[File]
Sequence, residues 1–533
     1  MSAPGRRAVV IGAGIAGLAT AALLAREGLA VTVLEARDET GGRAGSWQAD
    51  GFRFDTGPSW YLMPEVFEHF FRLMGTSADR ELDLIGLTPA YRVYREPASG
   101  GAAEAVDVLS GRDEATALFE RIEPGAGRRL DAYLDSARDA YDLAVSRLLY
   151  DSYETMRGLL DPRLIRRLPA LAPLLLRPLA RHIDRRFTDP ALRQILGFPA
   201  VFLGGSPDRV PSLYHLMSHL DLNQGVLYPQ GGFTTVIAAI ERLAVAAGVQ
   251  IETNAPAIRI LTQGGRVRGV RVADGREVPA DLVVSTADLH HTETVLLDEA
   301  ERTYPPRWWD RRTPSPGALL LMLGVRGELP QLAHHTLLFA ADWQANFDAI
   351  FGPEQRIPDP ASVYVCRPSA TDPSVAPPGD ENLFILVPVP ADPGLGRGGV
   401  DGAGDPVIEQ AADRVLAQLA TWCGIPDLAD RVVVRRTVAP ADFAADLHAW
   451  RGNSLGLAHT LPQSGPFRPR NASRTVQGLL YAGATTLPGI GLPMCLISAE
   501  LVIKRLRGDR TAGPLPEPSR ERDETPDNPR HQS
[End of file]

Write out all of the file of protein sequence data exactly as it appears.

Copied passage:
Sequence, residues 1–533
     1  MSAPGRRAVV IGAGIAGLAT AALLAREGLA VTVLEARDET GGRAGSWQAD
    51  GFRFDTGPSW YLMPEVFEHF FRLMGTSADR ELDLIGLTPA YRVYREPASG
   101  GAAEAVDVLS GRDEATALFE RIEPGAGRRL DAYLDSARDA YDLAVSRLLY
   151  DSYETMRGLL DPRLIRRLPA LAPLLLRPLA RHIDRRFTDP ALRQILGFPA
   201  VFLGGSPDRV PSLYHLMSHL DLNQGVLYPQ GGFTTVIAAI ERLAVAAGVQ
   251  IETNAPAIRI LTQGGRVRGV RVADGREVPA DLVVSTADLH HTETVLLDEA
   301  ERTYPPRWWD RRTPSPGALL LMLGVRGELP QLAHHTLLFA ADWQANFDAI
   351  FGPEQRIPDP ASVYVCRPSA TDPSVAPPGD ENLFILVPVP ADPGLGRGGV
   401  DGAGDPVIEQ AADRVLAQLA TWCGIPDLAD RVVVRRTVAP ADFAADLHAW
   451  RGNSLGLAHT LPQSGPFRPR NASRTVQGLL YAGATTLPGI GLPMCLISAE
   501  LVIKRLRGDR TAGPLPEPSR ERDETPDNPR HQS